The Fall of an American Rome: Deindustrialization of the American Dream

By Quentin R. Skrabec Jr. | Go to book overview

CHAPTER 14. MONT PÈLERIN’S CAMELOT IN THE 1990S

The dreams of the Mont Pèlerin group of European economists seemed centuries away in 1947, but the political environment and world socialism supplied the force to achieve nearly all the goals in 50 years. The victory in academia came within a few years far ahead of anyone’s prediction. Mont Pèlerin Society meshed perfectly into the United Nations and world peace movement. They had envisioned the support of international bankers but believed national politics would slow the drive. How would bankers and politicians overcome the natural nationalism of workers in their individual countries? Initially, America was more than willing to share their wealth for world peace, realizing some workers would be displaced. Men like President John F. Kennedy knew that adjustment payments and retraining would be needed for displaced workers. Social movements in the West also played into de-industrialization. America’s scars from Vietnam would make a new generation look differently at the hard work of the previous generation. This had surfaced at the highly automated Lordstown auto plant to meet Japanese competition.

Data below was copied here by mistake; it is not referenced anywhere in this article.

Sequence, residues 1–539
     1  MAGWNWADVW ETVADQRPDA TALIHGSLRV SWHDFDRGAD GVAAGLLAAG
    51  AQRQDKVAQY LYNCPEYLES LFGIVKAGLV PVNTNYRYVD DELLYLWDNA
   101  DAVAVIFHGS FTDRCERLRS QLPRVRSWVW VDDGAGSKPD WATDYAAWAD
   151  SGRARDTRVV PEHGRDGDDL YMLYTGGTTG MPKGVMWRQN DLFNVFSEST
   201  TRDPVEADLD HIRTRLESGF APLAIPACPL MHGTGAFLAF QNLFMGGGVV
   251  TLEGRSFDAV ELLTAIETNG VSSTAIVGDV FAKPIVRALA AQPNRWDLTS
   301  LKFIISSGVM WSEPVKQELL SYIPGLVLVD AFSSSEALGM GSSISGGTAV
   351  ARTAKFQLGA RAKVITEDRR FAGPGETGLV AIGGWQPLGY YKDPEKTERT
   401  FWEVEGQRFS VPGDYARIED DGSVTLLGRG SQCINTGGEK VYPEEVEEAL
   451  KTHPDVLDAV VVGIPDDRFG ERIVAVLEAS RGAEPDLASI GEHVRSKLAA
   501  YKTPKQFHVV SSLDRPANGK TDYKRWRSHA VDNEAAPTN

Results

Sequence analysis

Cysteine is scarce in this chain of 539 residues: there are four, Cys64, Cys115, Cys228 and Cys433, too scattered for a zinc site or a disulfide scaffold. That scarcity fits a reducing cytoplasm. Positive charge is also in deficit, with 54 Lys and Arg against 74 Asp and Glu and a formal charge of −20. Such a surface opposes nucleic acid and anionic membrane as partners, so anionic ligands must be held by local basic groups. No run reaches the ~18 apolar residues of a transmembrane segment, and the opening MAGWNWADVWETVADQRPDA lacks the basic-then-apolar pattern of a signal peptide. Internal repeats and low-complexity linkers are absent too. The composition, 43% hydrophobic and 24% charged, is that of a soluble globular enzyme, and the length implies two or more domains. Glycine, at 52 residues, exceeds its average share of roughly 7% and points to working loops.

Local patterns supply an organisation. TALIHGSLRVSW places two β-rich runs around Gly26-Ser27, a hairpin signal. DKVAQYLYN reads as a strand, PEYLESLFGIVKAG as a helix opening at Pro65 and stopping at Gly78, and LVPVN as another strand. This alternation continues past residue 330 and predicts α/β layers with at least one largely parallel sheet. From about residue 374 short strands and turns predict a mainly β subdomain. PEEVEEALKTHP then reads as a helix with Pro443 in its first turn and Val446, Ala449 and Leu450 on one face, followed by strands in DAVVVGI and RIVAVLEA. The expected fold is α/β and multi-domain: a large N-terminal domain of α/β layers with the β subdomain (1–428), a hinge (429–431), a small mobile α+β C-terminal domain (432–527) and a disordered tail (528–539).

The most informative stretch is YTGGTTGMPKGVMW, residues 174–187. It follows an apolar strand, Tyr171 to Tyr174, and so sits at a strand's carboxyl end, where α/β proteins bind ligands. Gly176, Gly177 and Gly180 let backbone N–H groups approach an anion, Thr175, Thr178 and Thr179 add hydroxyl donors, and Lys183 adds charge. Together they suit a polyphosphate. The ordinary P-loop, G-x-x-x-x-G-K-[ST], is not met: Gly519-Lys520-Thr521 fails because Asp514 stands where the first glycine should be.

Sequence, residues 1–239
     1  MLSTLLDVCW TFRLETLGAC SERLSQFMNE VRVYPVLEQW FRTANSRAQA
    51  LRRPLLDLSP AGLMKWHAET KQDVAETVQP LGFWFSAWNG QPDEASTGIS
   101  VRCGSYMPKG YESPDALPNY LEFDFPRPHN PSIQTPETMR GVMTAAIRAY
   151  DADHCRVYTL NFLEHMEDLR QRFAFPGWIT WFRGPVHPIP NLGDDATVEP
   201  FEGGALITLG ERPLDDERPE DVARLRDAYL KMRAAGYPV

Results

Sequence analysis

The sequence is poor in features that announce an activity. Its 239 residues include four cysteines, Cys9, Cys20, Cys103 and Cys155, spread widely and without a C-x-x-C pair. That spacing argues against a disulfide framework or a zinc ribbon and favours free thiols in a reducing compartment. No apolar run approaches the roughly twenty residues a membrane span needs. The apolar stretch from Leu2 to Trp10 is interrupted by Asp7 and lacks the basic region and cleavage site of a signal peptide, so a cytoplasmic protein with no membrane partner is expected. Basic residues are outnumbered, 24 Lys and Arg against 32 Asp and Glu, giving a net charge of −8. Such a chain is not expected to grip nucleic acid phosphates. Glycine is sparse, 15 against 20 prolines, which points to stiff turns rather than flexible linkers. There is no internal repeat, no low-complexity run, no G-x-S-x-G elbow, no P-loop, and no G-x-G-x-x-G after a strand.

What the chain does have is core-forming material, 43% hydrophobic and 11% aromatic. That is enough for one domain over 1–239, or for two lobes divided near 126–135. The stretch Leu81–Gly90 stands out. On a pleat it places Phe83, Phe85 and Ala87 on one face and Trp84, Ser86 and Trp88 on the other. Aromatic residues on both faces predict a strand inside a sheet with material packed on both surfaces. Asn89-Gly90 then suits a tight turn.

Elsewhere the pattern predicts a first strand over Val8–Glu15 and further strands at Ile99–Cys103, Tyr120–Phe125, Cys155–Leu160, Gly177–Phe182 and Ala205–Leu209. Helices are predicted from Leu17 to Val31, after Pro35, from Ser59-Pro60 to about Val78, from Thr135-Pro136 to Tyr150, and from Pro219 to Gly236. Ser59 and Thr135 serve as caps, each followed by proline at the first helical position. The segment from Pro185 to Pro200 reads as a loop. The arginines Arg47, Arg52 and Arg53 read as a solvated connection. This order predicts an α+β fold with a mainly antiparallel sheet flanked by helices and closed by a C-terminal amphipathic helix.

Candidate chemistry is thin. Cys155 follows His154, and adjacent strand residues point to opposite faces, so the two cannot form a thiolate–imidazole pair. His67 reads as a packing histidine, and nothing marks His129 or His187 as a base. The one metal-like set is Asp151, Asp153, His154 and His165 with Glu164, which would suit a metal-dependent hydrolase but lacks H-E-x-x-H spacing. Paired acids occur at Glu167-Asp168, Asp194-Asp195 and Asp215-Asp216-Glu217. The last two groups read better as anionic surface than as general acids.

The 1990s was the triumph of free trade arrangements such as NAFTA and the establishment of the World Trade Organization (WTO); these seemed little threat to the powerful unions in the United States. The World Trade Organization, which is an international organization to monitor trade disputes between nations, had also seemed unlikely to have been given so much power over nations. The WTO replaced the General Agreement on Tariffs and Trade (GATT) which was imple-

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